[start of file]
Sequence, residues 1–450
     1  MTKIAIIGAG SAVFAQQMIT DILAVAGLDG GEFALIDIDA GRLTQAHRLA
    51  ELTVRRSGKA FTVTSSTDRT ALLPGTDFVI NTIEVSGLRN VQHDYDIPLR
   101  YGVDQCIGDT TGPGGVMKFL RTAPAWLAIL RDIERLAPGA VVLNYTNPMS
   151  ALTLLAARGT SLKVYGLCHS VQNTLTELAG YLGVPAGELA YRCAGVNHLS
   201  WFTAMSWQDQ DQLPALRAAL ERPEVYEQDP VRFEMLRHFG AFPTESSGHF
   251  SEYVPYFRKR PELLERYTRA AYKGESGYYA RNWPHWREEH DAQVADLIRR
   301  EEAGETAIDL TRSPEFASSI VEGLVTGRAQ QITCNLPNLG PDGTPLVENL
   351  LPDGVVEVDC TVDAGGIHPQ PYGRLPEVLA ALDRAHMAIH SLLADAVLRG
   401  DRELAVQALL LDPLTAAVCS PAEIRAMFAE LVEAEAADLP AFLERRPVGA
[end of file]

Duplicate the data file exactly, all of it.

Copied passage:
Sequence, residues 1–450
     1  MTKIAIIGAG SAVFAQQMIT DILAVAGLDG GEFALIDIDA GRLTQAHRLA
    51  ELTVRRSGKA FTVTSSTDRT ALLPGTDFVI NTIEVSGLRN VQHDYDIPLR
   101  YGVDQCIGDT TGPGGVMKFL RTAPAWLAIL RDIERLAPGA VVLNYTNPMS
   151  ALTLLAARGT SLKVYGLCHS VQNTLTELAG YLGVPAGELA YRCAGVNHLS
   201  WFTAMSWQDQ DQLPALRAAL ERPEVYEQDP VRFEMLRHFG AFPTESSGHF
   251  SEYVPYFRKR PELLERYTRA AYKGESGYYA RNWPHWREEH DAQVADLIRR
   301  EEAGETAIDL TRSPEFASSI VEGLVTGRAQ QITCNLPNLG PDGTPLVENL
   351  LPDGVVEVDC TVDAGGIHPQ PYGRLPEVLA ALDRAHMAIH SLLADAVLRG
   401  DRELAVQALL LDPLTAAVCS PAEIRAMFAE LVEAEAADLP AFLERRPVGA